When Bush took office, the federal drug control budget was around $5 billion. When he left office in 1993, it was over $12 billion. This was the sharpest escalation in the history of the drug war and it locked the country into a strategy of punishment, deterrence and intolerance. Based on instinct rather than evidence, Bush’s approach did little to alleviate the public health crisis of addiction or halt the flow of drugs to American shores. And we remain trapped within this largely punitive approach today. So while we remember Bush as a “gentle soul,” we should also remember his role in fomenting a drug war that harmed millions of American citizens, particularly in communities of color.
Rather than address the underlying poverty, despair or thrill-seeking that drives destructive drug use, Bush sought to wipe out the drug menace by punishing everyone involved to the fullest extent of the law and doubling down on policing. The solution, Bush said, was “more prisons, more jails, more courts, more prosecutors,” and a $1.5 billion increase in federal police spending, the greatest single increase in the history of drug enforcement.
Jackson, meanwhile, was a hapless pawn in Bush’s theatrics. When the DEA learned that Bush’s people wanted to use crack seized near the White House as a prop for the speech, they lured the local high school student to Lafayette Square, even giving him directions to get him there. An obvious setup, the case was subsequently thrown out by two juries, but Jackson was eventually sentenced to a mandatory 10 years for selling to an undercover agent in the months leading up to his fateful September arrest.
Bush was widely mocked for the incident but remained unrepentant and paid little price. That’s because the fundamental strategy of escalating the War on Drugs enjoyed widespread bipartisan support, including significant buy-in from the black political class. Politicians from across the ideological spectrum were desperate to do something about the problem of urban crime, and Bush offered an appealing solution: focus policing on public housing projects, so that children wouldn’t have to “dodge bullets on the way home from school.”
That was a noble but misguided sentiment. Policing can’t solve poverty, and targeting specific neighborhoods turned them into occupation zones where low-level dealing was one of the few viable job opportunities. Focusing on the retail end merely drew more and more people, predominantly people of color, into legal custody but did little to stem the tide — as the cops interviewed in the widely seen CBS news special “48 Hours on Crack Street” readily acknowledged — while dishing out punishment to inner city communities.
The instinct to punish drug users, particularly the poor, runs deep in American political thought, and the consensus supporting these tough-on-crime attitudes continued to harden as Bush championed the growing War on Drugs. On the first anniversary of Bush’s speech, Los Angeles police chief Daryl Gates told the Senate that casual drug users “ought to be taken out and shot.” This wholly punitive approach reached its apotheosis with the 1994 Clinton crime bill and its notorious “three-strikes” provision.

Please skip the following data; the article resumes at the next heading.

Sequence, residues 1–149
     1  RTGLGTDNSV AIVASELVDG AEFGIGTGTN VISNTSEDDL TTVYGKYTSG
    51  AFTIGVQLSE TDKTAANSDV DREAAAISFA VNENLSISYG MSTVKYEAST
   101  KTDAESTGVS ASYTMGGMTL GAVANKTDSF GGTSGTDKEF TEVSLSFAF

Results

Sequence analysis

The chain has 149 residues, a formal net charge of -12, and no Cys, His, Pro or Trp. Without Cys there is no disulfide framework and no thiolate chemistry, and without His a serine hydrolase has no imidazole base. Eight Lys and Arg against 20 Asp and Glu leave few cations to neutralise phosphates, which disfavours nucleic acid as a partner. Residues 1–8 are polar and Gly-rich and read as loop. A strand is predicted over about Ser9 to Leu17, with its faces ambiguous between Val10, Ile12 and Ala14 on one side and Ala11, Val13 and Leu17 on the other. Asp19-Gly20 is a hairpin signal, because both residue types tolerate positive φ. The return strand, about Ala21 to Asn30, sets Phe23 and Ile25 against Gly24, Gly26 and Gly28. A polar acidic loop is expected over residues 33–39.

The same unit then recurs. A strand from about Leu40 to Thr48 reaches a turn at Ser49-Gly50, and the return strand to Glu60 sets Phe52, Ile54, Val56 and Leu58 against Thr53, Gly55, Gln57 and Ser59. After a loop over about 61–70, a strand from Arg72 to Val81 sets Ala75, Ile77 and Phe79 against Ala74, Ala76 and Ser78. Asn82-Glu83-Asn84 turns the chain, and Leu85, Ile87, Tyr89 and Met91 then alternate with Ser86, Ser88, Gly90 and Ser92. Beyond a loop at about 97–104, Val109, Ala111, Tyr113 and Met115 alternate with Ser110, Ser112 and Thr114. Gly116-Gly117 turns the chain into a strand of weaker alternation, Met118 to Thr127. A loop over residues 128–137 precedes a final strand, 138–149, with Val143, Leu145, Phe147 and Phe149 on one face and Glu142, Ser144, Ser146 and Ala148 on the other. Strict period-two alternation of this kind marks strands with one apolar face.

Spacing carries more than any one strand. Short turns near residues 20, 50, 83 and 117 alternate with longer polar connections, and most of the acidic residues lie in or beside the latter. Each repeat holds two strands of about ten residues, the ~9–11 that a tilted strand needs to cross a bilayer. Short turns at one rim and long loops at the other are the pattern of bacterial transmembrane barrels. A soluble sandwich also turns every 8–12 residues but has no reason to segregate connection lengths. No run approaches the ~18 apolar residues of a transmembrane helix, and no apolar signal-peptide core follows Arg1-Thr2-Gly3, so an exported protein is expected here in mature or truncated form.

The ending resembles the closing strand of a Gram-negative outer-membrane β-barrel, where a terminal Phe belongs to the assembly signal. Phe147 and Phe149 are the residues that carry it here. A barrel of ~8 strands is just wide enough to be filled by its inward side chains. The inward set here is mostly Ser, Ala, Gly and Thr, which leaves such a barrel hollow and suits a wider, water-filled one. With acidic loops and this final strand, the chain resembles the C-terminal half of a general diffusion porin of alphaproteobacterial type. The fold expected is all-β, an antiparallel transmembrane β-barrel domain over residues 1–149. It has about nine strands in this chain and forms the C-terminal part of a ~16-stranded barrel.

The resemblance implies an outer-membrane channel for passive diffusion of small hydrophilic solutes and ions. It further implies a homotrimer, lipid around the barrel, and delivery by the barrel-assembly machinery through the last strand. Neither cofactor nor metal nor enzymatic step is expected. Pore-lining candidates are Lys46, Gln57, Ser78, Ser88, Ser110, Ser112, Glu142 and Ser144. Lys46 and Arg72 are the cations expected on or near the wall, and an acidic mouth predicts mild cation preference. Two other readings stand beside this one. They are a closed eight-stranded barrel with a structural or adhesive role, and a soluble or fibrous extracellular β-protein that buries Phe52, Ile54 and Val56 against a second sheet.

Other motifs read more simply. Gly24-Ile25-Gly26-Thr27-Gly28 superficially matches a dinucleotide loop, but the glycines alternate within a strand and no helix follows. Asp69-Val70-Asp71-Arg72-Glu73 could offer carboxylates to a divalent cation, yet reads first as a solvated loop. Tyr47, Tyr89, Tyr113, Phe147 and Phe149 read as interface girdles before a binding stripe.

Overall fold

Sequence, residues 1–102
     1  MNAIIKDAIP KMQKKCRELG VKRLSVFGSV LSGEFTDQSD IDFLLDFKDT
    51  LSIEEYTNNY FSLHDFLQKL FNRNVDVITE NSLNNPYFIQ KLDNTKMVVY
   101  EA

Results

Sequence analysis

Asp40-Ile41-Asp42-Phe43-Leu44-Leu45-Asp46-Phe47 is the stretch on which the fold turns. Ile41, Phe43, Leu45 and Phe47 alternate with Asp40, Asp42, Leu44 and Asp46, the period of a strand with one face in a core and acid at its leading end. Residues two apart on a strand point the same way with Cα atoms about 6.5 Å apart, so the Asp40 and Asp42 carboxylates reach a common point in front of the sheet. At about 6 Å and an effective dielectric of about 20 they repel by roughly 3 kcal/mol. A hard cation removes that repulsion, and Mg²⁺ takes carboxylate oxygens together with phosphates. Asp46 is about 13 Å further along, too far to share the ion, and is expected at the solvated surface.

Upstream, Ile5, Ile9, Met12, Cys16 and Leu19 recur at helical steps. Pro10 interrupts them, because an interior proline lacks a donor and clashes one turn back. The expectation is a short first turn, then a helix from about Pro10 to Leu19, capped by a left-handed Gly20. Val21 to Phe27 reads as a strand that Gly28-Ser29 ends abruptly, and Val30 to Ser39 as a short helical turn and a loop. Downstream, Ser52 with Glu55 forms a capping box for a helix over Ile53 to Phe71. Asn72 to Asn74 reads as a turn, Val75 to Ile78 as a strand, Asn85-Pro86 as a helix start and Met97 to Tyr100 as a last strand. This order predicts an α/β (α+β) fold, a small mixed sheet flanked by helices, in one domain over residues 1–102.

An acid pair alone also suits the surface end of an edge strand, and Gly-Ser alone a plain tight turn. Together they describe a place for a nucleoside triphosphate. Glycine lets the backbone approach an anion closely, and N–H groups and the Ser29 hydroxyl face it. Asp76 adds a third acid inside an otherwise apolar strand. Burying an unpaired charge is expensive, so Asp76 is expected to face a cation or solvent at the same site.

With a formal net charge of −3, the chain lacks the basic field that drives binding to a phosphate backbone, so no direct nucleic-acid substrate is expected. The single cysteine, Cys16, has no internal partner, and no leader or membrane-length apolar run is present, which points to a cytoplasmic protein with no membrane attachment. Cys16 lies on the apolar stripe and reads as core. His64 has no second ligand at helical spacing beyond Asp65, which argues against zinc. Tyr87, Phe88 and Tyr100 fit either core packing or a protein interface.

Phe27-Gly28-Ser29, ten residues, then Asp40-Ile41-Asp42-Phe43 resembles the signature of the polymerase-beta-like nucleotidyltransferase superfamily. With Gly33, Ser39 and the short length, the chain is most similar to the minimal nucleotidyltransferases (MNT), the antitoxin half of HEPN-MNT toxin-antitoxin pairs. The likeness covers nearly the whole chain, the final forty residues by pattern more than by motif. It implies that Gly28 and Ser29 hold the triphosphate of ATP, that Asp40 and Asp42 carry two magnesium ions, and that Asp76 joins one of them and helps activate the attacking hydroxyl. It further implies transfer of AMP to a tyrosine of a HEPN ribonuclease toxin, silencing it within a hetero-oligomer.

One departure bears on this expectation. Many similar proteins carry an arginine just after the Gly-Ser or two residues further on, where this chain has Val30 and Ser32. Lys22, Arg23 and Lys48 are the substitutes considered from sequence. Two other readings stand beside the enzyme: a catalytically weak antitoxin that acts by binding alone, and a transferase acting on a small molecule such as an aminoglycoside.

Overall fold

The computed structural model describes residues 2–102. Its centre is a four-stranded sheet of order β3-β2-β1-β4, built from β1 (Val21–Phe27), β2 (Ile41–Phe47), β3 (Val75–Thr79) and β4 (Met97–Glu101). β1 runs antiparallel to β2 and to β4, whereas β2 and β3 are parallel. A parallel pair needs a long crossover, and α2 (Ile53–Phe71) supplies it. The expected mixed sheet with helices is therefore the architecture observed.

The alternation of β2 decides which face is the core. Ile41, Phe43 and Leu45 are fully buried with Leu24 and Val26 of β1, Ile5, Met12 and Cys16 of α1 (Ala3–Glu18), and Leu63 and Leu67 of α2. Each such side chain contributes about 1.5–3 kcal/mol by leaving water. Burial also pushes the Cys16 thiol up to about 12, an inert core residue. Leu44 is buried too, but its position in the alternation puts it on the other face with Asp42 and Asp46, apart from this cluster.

For Bush, however, the War on Drugs offered more than just a chance to look tough on crime. It also had a powerful foreign policy purpose. An internationalist, Bush was eager to project American power abroad as the Cold War was ending. The drug war offered up a new evil to combat and an opportunity to restore faith that America’s military might could be successfully used as a force for good.
In his September 1989 speech, Bush drew a direct connection between crime in the inner city and cocaine production in Colombia and South America. He accused American drug users of fostering instability and “paying for murder” in those countries. Pledging $2 billion in military and police assistance to Colombia, Bolivia and Peru, Bush announced, “The rules have changed,” because he was officially bringing the U.S. armed forces into the fight. Wherever traffickers operated, they could expect to be met by American power. Between the time of Reagan’s 1982 declaration of war and the end of Bush’s presidency, the Pentagon’s counternarcotics budget increased by over 100,000 percent.
Bush’s initial investment in Colombia evolved into Plan Colombia, incubated in the Clinton White House and largely hatched by the administration of George W. Bush. It poured about $10 billion into that country and created a sizable military presence. On Sept. 10, 2001, the most active CIA station in the world was in Bogota, and the country remained an overlooked theater of covert operations until very recently.
But none of that has kept cocaine off American streets, and policymakers’ attention on foreign bad guys and foreign drug flows did little to protect the country from opioids, the latest chapter in the drug crisis. We should recognize the good intentions of George H.W. Bush — all too rare in today’s political climate — but we should also learn from his mistakes: His policies at home and abroad produced a new age of mass incarceration that turned the U.S. into greatest jailer of its own people in the world. Bush’s drug war policies also deepened an impulse toward foreign intervention that has produced questionable results.
The money spent incarcerating Americans and fighting drugs would be better spent addressing the runaway capitalism, structural inequality, systemic racism and declining economic opportunity that historically drives repeated drug crises. We must break with the instinct to punish. And as we lay George H.W. Bush to rest, we should remember that sometimes good intentions produce outcomes that are more damaging than the problems they intend to solve.